We’ve seen a decline in PISA comparative results for Australia for nearly 2 decades now, and what have seen in response. More rigid curriculum requirements; more rigid reporting requirements; more rigid testing requirement; more pressure and blame on the teachers; more diversified funding of schools leading to greater inequality of provision; and in some states, the banning of some technology from the classroom. Same solutions being proposed by the same people, based on a belief of ‘back to basics’ on the premise that the basics haven’t changed at all over the last 20 years…
We have 20 years of evidence now to show that these solutions aren’t working, and shouting them louder is just going to increase the volume of the failure. We need to think about the problem differently and ask different questions. Instead of asking ‘what is wrong?’ and ‘who should we blame?’, we should be looking at practice that is working and asking how can we scale this change.
Research shows that one of the key reasons that kids disengage from learning is that it is not interesting them. They don’t see the relevance or purpose of the outcome. And I get it. What is the point of being able to pass a maths test of random questions? But give them the situation of running a company where they need to earn enough profit to ‘buy the lunch they want’ and you’ll be amazed at how much maths gets learnt. And this is real life. If your business doesn’t earn enough money, you’re eating cheap food rather than expensive take away!
This is more than problem-based learning. It is self-directed learning, where the kids choose the problems they want to solve around situations that have meaning and relevance to them. It is about kids learning through application and the ‘need to know’, and about them finding out the answers for themselves in order to solve the problem. And won’t it be interesting to see what the actually cover? I cannot think of a time in my whole working life when I have used sine, cosine, or Pythagoras for example; but I do use algebra, fractions, percentages, measures of central tendency, probability, etc.
The problems I would have chosen to solve would have been business-based problems requiring this base of mathematics and statistics, while a kid interested in architecture and design might have looked at angles, scale, and equations.
The idea that everyone has to have a base knowledge of everything is outdated. The internet has more content available than any textbook or teacher, so what we need to learn is how to access that information and learning, and how to apply that to problems. Change the problem, and we still know the process.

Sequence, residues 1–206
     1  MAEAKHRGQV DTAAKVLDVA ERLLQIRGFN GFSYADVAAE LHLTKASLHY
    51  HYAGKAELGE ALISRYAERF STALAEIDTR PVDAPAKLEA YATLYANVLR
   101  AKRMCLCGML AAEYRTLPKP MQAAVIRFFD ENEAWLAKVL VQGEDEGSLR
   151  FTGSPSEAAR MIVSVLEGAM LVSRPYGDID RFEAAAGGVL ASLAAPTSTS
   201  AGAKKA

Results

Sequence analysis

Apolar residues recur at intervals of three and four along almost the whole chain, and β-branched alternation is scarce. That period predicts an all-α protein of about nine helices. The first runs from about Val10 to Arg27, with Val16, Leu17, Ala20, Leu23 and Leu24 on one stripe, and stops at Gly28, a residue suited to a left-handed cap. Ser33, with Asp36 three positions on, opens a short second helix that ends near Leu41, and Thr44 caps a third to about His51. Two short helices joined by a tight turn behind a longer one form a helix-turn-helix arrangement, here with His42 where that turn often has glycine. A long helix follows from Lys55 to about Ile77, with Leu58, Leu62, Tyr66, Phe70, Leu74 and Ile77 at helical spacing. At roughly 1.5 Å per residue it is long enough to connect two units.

The same with reading. I hated reading as a child and have really only got into reading in the last 10 years when I realized that I could actually choose what I wanted to read rather than being told what to read. Have I suffered in life from never understanding Shakespeare or other great literary works? I don’t think so. I find I like to read novels set in other countries to learn about different cultural contexts – not something we were ever offered at school. Most kids love to be read to at night by their parents, but the fun of reading disappears once we get older because we are set texts to read and while they may be the teachers choice, or the exam boards choice, they are not ours. I still give up on books I don’t like reading, so I’m not surprised that kids do.
Now, I’m sure that many are reading this thinking ‘nice idea but not practical in a classroom with a single teacher’. You’re wrong. It is very possible. It just involves a rethink of the role of the teacher from being the font of all knowledge who decides what the kids need to learn (usually with little choice due to the application of a set curriculum), to a facilitator of learning who engages with the learners at their level on their terms. They don’t have to have read the book in order to have a good conversation with the kid about it. In fact, the conversation is more student led if they haven’t read the book as the kid has to tell them about it!
There will always be a need for specialist teachers to teach advanced areas of curriculum, such as advanced maths for those who want to progress with that pathway, but for the majority of kids, a more generalized approach is sufficient for what they will need in life, and is more likely to be successfully completed.
Blaming teachers for not being specialist enough, being under-qualified and not doing their job well enough is not the answer and is opinion only. Changing the curriculum demands, timetable and organisation of schools, and moving to more flexible, process based assessment methods, would be a response that relates to the research in the field – and yes that may mean that some teachers need some professional development, but for many it is simply going to be given the freedom to really teach.